#### 2.13 Rounding numbers

Python has a built-in function round(x, n) to round a number x to n decimal digits. For
example:

Back to our example of cos(90π∕180):

And last - the number of decimal digits n can be left out. Then the default value n = 0 is
used:

#### 2.14 List of math functions and constants

Elementary functions (and constants) that one can import from Numpy are listed
below. We also show their arguments for clarity, but the functions are imported
without them. Remember, the Numpy library is imported via import numpy as
np.

pi | np.pi | π |

e | np.e | e |

arccos(x) | np.arccos | inverse cosine of x |

arccosh(x) | np.arccosh | inverse hyperbolic cosine of x |

arcsin(x) | np.arcsin | inverse sine of x |

arcsinh(x) | np.arcsinh | inverse hyperbolic sine of x |

arctan(x) | np.arctan | inverse tangent of x |

arctanh(x) | np.arctanh | inverse hyperbolic tangent of x |

arctan2(x_{1}, x_{2}) | np.arctan2 | arc tangent of x_{1}∕x_{2} choosing the quadrant correctly |

cos(x) | np.cos | cosine of x |

cosh(x) | np.cosh | hyperbolic tangent of x |

exp(x) | np.exp | e^{x} |

log(x) | np.log | natural logarithm of x |

pow(a, b) | np.pow | a^{b} (same as "a**b") |

sin(x) | np.sin | sine of x |

sinh(x) | np.sinh | hyperbolic sine of x |

sqrt(x) | np.sqrt | square root of x |

tan(x) | np.tan | tangent of x |

tanh(x) | np.tanh | hyperbolic tangent of x |

In summary:

Python provides many readily available mathematical functions via the Numpy library. To use them, import Numpy via the command import numpy as np.

For additional functions visit https://docs.scipy.org/doc/numpy-1.14.0/

reference/routines.math.html.

#### 2.15 Using the Fractions library

Let’s import the Fractions library as fr:

Then a fraction such as 4/7 can be defined simply as fr.Fraction(4, 7). Fractions can
then be added, subtracted, multiplied and divided as you would expect. The result of such an
operation always is a fr.Fraction again. For example:

Another example:

The Fractions library also provides a useful function gcd() to calculate the Greatest
Common Divisor (GCD) of two integers. For illustration let us calculate the GCD of 867 and
629:

For the full documentation on the Fractions library visit https://docs.python.org/ 3.1/library/fractions.html.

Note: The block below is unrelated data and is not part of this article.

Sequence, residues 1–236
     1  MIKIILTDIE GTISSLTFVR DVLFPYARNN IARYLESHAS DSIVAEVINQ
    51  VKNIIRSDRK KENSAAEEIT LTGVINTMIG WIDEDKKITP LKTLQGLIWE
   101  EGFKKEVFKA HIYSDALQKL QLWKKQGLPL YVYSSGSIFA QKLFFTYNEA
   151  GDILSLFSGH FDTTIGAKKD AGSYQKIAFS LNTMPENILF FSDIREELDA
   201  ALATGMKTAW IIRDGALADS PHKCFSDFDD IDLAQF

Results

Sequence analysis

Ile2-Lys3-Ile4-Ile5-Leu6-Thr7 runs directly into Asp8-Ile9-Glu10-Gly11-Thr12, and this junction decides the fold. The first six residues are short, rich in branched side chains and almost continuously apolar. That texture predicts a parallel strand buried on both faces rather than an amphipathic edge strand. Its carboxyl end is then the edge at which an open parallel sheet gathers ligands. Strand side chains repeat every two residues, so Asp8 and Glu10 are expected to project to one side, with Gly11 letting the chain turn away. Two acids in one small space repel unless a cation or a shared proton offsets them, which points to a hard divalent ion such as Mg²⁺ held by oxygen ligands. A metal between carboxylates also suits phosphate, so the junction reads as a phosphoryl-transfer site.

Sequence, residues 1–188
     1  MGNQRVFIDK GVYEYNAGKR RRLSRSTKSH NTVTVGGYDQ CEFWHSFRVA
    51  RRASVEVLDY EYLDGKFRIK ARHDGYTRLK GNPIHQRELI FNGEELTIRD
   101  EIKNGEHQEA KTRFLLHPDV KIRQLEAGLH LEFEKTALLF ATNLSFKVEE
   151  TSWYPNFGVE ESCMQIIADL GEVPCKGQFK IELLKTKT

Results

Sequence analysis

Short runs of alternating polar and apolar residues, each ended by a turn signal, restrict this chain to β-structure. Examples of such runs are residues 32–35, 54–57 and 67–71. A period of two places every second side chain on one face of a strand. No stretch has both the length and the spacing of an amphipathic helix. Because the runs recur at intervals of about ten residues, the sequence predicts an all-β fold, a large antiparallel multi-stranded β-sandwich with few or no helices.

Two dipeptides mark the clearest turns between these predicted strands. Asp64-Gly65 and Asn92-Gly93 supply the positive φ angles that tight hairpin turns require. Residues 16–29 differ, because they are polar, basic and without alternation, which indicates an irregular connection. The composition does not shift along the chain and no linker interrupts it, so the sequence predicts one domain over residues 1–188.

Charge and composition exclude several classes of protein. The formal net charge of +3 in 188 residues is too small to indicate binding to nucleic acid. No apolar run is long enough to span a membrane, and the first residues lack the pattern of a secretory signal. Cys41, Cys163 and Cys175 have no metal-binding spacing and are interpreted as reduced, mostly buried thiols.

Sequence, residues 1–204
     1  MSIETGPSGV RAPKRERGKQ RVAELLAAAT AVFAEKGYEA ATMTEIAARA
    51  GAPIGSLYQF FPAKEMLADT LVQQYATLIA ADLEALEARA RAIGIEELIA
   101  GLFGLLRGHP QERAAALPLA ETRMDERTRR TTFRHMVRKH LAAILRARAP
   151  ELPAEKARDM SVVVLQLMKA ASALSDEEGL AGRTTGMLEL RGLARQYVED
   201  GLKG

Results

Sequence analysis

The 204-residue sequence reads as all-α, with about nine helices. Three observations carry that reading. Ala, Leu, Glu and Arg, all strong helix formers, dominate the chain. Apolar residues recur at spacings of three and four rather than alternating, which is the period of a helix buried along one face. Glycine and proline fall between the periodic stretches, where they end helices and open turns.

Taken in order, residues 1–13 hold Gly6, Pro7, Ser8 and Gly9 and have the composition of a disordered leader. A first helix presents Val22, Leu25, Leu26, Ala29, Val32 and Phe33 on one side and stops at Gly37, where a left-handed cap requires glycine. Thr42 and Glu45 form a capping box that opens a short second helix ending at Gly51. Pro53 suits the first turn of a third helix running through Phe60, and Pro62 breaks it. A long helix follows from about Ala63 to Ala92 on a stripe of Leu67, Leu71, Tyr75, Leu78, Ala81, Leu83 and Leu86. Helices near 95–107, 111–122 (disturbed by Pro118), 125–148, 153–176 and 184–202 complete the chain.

#### 2.16 Working with random numbers

Python provides a random number generator via the random() function that can be
imported from the Random library. First let’s import the library as rn:

The random() function returns a random real number between 0 and 1. Calling

five times yields

0.016865272219651395

0.7551082761266997

0.5599940035041735

0.6110871965133025

Of course, you will get different values. When we need a random number in a
different interval, for example between 10 and 15, then we multiply the result of
random() by the length of the interval (here 5) and add the left end point (here
10):

Again let’s evaluate the above code 5 times:

11.076556529787744

14.092310626104025

14.426494859235547

13.768444261074983

Sometimes we need to generate random integers rather than real numbers. This can be done
via the randint() function. For illustration, a random integer between 1 and 3 can be
generated via the code

Evaluating the code five times, one obtains a sequence of random numbers:

3

2

1

3

The Random library has a lot of additional functionality. For the full documentation visit https://docs.python.org/3/library/random.html.

#### 2.17 Complex numbers

Appending ’j’ or ’J’ to a real number makes it imaginary. Let’s calculate i^{2} which in Python
is represented as -1 + 0j:

Complex numbers are always represented as two floating point numbers, the real part and
the imaginary part:

One can also define them using the built-in function complex():

All arithmetic operations that are used for real numbers can be used for complex numbers as
well, for example:

To extract the real and imaginary parts of a complex number z, use z.real and z.imag.
Use abs() to get the absolute value:

a.real

a.imag

abs(a)

4

5

For additional functions related to complex numbers visit https://docs.python. org/3/library/cmath.html.

### Table of Contents

- Preface
- 1. Introduction
- 2. Using Python as a Scientific Calculator
- 3. Drawing, Plotting, and Data Visualization with Matplotlib
- 4. Working with Text Strings
- 5. Variables and Types
- 6. Boolean Values, Functions, Expressions, and Variables
- 7. Lists, Tuples, Dictionaries, and Sets
- 8. Functions
- 9. The ’For’ Loop
- 10. Conditions
- 11. The ’While’ Loop
- 12. Exceptions
- 13. File Operations
- 14. Object-Oriented Programming I – Introduction
- 15. Object-Oriented Programming II – Class Inheritance
- 16. Object-Oriented Programming III – Advanced Aspects
- 17. Recursion
- 18. Decorators
- 19. Selected Advanced Topics